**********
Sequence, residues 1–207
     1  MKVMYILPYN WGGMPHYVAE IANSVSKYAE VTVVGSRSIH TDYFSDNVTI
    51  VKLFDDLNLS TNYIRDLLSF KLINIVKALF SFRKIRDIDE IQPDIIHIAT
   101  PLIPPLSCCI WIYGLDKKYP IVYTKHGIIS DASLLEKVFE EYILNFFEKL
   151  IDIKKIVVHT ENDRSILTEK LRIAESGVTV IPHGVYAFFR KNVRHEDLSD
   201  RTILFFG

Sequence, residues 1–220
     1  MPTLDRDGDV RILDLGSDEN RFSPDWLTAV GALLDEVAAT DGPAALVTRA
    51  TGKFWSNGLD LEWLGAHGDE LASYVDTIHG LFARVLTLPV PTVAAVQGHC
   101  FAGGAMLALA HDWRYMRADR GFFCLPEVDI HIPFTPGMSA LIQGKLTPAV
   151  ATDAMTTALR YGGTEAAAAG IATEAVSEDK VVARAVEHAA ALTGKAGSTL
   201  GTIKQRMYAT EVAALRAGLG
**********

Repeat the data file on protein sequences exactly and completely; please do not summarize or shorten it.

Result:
Sequence, residues 1–207
     1  MKVMYILPYN WGGMPHYVAE IANSVSKYAE VTVVGSRSIH TDYFSDNVTI
    51  VKLFDDLNLS TNYIRDLLSF KLINIVKALF SFRKIRDIDE IQPDIIHIAT
   101  PLIPPLSCCI WIYGLDKKYP IVYTKHGIIS DASLLEKVFE EYILNFFEKL
   151  IDIKKIVVHT ENDRSILTEK LRIAESGVTV IPHGVYAFFR KNVRHEDLSD
   201  RTILFFG

Sequence, residues 1–220
     1  MPTLDRDGDV RILDLGSDEN RFSPDWLTAV GALLDEVAAT DGPAALVTRA
    51  TGKFWSNGLD LEWLGAHGDE LASYVDTIHG LFARVLTLPV PTVAAVQGHC
   101  FAGGAMLALA HDWRYMRADR GFFCLPEVDI HIPFTPGMSA LIQGKLTPAV
   151  ATDAMTTALR YGGTEAAAAG IATEAVSEDK VVARAVEHAA ALTGKAGSTL
   201  GTIKQRMYAT EVAALRAGLG